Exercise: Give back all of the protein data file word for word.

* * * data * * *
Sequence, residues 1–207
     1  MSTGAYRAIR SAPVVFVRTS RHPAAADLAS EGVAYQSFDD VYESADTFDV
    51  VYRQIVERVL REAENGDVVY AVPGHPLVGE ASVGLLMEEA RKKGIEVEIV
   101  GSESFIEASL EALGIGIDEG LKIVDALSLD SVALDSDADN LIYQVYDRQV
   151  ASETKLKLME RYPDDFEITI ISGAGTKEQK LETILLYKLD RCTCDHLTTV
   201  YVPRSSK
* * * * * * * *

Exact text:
Sequence, residues 1–207
     1  MSTGAYRAIR SAPVVFVRTS RHPAAADLAS EGVAYQSFDD VYESADTFDV
    51  VYRQIVERVL REAENGDVVY AVPGHPLVGE ASVGLLMEEA RKKGIEVEIV
   101  GSESFIEASL EALGIGIDEG LKIVDALSLD SVALDSDADN LIYQVYDRQV
   151  ASETKLKLME RYPDDFEITI ISGAGTKEQK LETILLYKLD RCTCDHLTTV
   201  YVPRSSK